So far just this year, 35 states have introduced more than 150 bills and resolutions and enacted or adopted 25 of them. Arkansas enacted legislation that holds telecommunication service providers and third-party spoofing providers accountable for certain activities, imposing criminal penalties for some. Kentucky prohibited phone solicitations that misrepresent the name or phone number in caller ID services, with specified exemptions.
Maine Senator Justin Chenette (D) sponsored legislation that makes it an unfair trade practice for a telemarketer to misrepresent his or her phone number when making a solicitation or to use a recorded or artificial voice. “The state can’t sit idly by and wait for the federal government to act when small businesses are losing productivity, seniors are being scammed and people are afraid to answer their phones,” Chenette said when the bill was signed.
Nebraska created the Neighbor Spoofing Protection Act, which bans selling, renting or conveying telephone numbers and prohibits connecting with a telecommunications service or IP-enacted voice service to gain access to a caller ID to defraud, cause harm or wrongfully obtain anything of value. Senator Steve Halloran (NP), who sponsored the bill, worked to balance the economic role of the telemarketing industry with consumer protections. “As a citizen and businessman, I clearly recognize that this is an important industry to the economy,” he says. “I don’t intend to harm the industry, but rather help [them] and protect the good people of Nebraska.”
Tennessee and Virginia increased the penalties for using false caller ID information. Alabama, Hawaii, Illinois, Kentucky, New Jersey, North Dakota and Pennsylvania adopted resolutions. Pennsylvania Representative Kerry Benninghoff (R), who supports more federal action, sponsored a resolution urging Congress to grant the FCC additional authority to stop unwanted and illegal robocalls and spoofing.
“Clearly, more needs to be done,” Benninghoff says. “Our phones are ringing off the hook. Every day, and several times a day, our seniors and neighbors are being bombarded by people who are attempting to steal their hard-earned money and personal information.”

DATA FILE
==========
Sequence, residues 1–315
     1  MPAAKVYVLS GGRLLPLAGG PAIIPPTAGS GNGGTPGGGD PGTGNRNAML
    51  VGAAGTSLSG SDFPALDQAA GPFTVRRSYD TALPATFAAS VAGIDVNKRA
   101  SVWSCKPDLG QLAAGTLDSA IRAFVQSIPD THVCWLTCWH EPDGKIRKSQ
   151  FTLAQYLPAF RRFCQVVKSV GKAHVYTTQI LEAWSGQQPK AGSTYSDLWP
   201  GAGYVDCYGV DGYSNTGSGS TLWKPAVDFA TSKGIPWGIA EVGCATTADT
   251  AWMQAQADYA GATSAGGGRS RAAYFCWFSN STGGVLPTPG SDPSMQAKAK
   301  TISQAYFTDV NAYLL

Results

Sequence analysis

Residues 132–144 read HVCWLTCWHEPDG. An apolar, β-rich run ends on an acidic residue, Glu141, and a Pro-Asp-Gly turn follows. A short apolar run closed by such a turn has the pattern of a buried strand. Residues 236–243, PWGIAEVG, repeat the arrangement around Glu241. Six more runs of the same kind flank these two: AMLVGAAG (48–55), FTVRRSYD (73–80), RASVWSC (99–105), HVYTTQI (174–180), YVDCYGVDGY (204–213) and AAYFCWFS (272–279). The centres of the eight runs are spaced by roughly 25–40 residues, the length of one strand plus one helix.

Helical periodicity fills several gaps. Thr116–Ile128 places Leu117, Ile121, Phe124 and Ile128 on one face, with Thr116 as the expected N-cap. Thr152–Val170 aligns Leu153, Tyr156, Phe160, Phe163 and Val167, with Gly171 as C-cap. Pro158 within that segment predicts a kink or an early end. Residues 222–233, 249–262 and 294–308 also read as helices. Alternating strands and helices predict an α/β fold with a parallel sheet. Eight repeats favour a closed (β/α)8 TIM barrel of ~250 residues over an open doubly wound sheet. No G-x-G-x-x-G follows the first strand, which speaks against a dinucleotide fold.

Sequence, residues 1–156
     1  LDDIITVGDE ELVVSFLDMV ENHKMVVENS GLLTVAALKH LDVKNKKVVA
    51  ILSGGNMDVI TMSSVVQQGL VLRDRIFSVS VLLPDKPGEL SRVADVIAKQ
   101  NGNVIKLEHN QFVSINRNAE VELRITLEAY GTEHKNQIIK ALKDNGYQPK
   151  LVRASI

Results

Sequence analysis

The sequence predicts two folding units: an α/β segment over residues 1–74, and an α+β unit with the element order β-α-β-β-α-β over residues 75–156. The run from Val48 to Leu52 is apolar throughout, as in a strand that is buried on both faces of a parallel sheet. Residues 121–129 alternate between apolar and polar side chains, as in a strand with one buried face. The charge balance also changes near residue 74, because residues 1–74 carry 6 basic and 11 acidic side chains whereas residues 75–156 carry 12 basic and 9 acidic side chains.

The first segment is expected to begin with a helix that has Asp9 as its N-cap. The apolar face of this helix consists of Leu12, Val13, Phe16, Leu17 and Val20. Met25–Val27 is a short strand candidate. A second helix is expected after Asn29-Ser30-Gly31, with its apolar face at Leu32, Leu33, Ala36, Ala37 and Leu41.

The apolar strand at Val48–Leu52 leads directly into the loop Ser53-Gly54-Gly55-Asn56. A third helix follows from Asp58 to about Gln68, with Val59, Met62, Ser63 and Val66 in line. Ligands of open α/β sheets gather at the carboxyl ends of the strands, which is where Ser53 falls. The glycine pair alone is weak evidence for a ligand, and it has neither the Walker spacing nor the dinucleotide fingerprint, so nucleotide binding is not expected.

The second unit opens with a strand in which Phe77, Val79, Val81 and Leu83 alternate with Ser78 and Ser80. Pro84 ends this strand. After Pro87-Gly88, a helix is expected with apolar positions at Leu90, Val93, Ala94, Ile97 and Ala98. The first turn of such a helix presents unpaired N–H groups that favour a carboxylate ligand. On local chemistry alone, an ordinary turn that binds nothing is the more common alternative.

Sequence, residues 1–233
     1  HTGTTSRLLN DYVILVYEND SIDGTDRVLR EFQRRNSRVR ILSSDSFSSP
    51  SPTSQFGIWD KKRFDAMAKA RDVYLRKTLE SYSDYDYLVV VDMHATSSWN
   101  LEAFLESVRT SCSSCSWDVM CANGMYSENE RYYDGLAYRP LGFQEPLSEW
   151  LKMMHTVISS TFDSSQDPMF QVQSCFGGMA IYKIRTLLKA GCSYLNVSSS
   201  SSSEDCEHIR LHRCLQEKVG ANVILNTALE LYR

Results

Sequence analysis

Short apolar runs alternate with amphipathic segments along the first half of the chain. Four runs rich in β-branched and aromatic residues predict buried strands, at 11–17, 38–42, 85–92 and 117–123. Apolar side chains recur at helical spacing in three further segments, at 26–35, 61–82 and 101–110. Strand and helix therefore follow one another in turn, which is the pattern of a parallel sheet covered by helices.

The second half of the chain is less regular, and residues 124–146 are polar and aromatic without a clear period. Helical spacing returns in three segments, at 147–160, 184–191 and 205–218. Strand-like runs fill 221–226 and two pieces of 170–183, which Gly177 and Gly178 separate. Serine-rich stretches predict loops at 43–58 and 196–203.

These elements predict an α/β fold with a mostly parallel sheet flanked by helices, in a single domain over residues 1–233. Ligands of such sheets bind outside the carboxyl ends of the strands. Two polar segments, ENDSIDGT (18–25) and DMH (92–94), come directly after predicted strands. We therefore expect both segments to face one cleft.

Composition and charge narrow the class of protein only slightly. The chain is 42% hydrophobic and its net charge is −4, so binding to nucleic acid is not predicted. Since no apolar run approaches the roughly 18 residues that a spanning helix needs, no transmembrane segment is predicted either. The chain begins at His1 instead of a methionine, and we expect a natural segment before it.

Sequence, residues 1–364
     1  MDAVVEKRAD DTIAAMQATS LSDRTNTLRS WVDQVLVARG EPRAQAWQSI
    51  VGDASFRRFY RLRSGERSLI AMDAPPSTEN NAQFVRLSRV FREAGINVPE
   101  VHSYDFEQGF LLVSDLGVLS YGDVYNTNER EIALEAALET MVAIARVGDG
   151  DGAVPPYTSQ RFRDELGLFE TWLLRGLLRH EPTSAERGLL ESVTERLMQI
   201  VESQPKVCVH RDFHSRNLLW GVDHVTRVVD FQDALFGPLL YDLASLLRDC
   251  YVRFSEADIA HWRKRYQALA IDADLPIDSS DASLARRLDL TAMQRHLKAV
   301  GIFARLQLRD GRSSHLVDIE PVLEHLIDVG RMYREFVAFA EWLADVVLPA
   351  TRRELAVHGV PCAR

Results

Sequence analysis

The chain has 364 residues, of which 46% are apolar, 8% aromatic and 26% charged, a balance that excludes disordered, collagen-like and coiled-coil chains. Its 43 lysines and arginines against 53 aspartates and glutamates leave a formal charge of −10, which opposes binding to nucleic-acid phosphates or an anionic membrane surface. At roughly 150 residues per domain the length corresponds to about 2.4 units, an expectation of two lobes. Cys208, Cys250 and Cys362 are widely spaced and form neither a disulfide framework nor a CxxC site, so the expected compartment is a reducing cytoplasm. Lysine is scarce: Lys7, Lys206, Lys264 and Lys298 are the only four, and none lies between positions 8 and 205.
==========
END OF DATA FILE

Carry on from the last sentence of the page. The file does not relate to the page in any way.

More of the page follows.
In a joint statement, USTelecom, CTIA–The Wireless Association and NCTA–The Internet & Television Association affirmed their commitment to battling illegal and unwanted calls. “Illegal robocalls are more than annoying, they are a deliberate attempt by criminals to flood voice networks with unwanted calls that scam, spoof and prey upon vulnerable consumers who are justifiably fed up.”
When the U.S. House passed the Stopping Bad Robocalls Act and sent it to the Senate in July, the response from Tim McKone, AT&T’s executive vice president of federal relations, was encouraging. “We have long called for a holistic approach to addressing unwanted and illegal robocalls, encouraged the deployment of new technologies, and advocated for increased law enforcement,” he said. “The Stopping Bad Robocalls Act represents another tool in our collective industry and enforcement toolbox.”
The U.S. Senate passed the bipartisan TRACED Act (short for Telephone Robocall Abuse Criminal Enforcement and Deterrence) in May. It will, among other things, raise the fines the FCC can levy on robocallers and increase the statute of limitations for bringing those cases.
What can frustrated, wary consumers do as they wait for action at the state and federal levels? Stay alert.
To combat unwanted robocalls and phone scams, the FCC recommends that you not answer calls from unknown numbers. If you do answer and realize it’s an unwanted call, hang up immediately. If the caller or recording asks you to hit a button to stop getting calls, just hang up. It’s a trick often used by scammers to identify potential targets. And do not respond to any questions, especially those that can be answered with “Yes.”
So, fair warning to the robocaller targeting this NCSL staffer, in Japanese, on my office phone. I’m not going to push any more buttons or try to get you to speak English. I’m simply not answering any more unknown callers. I’m robocalling it off. I’ve had enough.
Heather Morton is a program principal in NCSL’s Fiscal Affairs Program.